The next time you have to tinkle, don’t be too hasty to flush. There’s gold in them there “golden showers.” According to Stephen Dinan of the Washington Times, Sen. Tom Coburn has issued his latest report on government excess, and one of the items listed is an expenditure of $15,000 to collect thousands of gallons of human urine to be tested as a hayfield fertilizer.
Coburn, a Republican from Oklahoma, has long been Congress’s most vocal critics when it comes to government waste. And despite recent belt-tightening (which is apt to end if the current budget deal becomes law), Coburn’s “Wastebook for 2013” reveals:
- The Pentagon spent more than $300 million on a battlefield blimp that didn’t work, finally canceling the project earlier this year at a near-total loss of the taxpayer money invested in the project.
- The State Department purchased $5 million worth of new hand-blown crystal stemware days before the government shutdown.
The report, which is being released this morning, also finds:
- $65 million of Hurricane Sandy emergency relief money that New York and New Jersey spent on television ads promoting tourism.
- $124,955 to build a 3-D printer to make pizzas for NASA.
- $566,000 paid by the U.S. Postal Service to a “futurist,” Faith Popcorn, to try to envision a viable future for the post office.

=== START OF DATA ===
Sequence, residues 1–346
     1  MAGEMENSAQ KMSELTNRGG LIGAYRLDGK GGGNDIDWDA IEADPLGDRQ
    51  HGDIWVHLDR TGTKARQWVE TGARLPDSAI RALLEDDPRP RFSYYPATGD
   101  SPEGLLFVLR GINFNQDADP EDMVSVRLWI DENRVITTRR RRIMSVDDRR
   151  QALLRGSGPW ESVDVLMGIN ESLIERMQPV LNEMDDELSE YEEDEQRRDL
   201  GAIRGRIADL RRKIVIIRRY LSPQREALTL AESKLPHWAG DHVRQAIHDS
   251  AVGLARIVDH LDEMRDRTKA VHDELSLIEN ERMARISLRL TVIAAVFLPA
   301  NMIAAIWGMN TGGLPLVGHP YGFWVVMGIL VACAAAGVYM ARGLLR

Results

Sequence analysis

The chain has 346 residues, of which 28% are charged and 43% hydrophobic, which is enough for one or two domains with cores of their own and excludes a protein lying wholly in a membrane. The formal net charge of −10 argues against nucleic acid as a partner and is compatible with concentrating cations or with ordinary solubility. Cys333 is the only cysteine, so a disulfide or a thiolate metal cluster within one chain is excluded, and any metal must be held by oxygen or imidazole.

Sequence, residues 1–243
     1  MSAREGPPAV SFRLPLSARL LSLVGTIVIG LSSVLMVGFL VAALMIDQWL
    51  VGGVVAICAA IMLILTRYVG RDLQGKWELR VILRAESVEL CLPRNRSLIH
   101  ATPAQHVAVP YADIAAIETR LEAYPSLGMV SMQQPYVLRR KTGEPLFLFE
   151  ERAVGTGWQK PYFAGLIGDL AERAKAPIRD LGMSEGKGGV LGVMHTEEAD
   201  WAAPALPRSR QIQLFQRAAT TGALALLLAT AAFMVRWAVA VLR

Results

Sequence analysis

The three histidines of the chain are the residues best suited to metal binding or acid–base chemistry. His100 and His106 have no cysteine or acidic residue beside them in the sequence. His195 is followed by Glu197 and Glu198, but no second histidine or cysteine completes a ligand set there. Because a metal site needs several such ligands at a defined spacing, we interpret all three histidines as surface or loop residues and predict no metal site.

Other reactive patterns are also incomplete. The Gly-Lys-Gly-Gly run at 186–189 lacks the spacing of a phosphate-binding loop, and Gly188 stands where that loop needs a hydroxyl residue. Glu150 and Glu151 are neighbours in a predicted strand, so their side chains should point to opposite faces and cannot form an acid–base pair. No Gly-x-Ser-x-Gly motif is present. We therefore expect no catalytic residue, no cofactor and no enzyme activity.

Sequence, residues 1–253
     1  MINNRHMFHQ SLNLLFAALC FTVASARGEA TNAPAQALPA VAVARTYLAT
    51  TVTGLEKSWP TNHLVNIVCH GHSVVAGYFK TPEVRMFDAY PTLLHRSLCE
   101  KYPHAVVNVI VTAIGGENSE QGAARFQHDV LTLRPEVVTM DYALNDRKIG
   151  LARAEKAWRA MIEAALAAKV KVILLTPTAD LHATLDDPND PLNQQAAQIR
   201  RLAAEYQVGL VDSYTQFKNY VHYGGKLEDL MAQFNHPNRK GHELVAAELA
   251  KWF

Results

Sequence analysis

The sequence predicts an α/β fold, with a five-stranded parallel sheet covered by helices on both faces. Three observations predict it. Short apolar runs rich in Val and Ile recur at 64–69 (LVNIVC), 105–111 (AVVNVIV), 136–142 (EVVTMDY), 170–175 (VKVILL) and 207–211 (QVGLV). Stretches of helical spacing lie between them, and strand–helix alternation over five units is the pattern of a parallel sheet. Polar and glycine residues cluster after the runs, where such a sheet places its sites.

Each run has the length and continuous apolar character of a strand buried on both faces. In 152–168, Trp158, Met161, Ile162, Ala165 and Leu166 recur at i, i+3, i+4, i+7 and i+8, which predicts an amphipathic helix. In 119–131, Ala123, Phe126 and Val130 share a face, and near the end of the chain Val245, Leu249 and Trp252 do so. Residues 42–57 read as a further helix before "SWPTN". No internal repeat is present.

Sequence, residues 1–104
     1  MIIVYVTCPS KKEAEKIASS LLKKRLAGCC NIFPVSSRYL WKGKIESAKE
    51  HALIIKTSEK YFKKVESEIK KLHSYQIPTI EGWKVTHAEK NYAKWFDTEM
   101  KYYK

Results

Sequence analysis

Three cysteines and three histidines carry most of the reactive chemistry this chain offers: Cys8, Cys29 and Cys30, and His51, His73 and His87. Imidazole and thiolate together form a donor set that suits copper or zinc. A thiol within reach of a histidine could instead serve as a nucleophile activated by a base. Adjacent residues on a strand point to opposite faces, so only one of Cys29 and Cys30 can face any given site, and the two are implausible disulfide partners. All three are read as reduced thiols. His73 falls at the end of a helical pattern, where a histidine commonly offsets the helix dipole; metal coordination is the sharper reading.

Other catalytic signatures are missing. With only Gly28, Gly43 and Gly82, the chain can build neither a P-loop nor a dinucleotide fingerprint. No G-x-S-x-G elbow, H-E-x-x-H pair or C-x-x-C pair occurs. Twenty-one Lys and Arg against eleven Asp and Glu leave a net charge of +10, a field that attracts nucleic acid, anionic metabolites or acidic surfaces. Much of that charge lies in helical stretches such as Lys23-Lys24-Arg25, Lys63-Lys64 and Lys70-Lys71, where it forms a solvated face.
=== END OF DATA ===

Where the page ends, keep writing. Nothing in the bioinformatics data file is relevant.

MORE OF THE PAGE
- $1.5 million spent by the FBI each year to review Hollywood producers and writers on how to portray the agency in movies.
All told, the 177-page report identifies nearly $30 billion in funds that were wasted or squandered on questionable projects.
Coburn and his fellow senators are expected to vote today on the budget agreement, which will take government spending for 2014 in the direction opposite the one Coburn has long championed, even reneging on a 2011 deal that was supposed to limit discretionary spending to less than $1 trillion.
“When it comes to spending your money, those in Washington tend to see no waste, speak no waste and cut no waste,” Coburn is quoted as saying.
The waste he identifies ranges from big-ticket items that are perennial problems — such as the $3.5 billion paid to federal employees who have been identified as tax cheats — to the tiny problems, such as the $40,810 the government spent on a Denver museum dedicated to miniature toys and dolls.
The biggest item was $7 billion in equipment in Afghanistan that the Pentagon says it will destroy rather than bring home or give away, feeling it doesn’t have a use for the materials back here and doesn’t want to turn them over to allies.
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